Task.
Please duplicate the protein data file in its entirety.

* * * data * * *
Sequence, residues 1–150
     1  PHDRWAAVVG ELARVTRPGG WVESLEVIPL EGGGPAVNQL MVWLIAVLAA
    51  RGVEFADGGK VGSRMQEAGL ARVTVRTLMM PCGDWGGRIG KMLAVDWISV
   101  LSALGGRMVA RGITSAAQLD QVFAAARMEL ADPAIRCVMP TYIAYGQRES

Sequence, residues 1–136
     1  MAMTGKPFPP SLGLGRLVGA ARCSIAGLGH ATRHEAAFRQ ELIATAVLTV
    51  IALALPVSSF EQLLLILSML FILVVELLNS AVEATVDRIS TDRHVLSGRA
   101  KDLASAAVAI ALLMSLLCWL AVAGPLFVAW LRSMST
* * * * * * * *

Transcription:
Sequence, residues 1–150
     1  PHDRWAAVVG ELARVTRPGG WVESLEVIPL EGGGPAVNQL MVWLIAVLAA
    51  RGVEFADGGK VGSRMQEAGL ARVTVRTLMM PCGDWGGRIG KMLAVDWISV
   101  LSALGGRMVA RGITSAAQLD QVFAAARMEL ADPAIRCVMP TYIAYGQRES

Sequence, residues 1–136
     1  MAMTGKPFPP SLGLGRLVGA ARCSIAGLGH ATRHEAAFRQ ELIATAVLTV
    51  IALALPVSSF EQLLLILSML FILVVELLNS AVEATVDRIS TDRHVLSGRA
   101  KDLASAAVAI ALLMSLLCWL AVAGPLFVAW LRSMST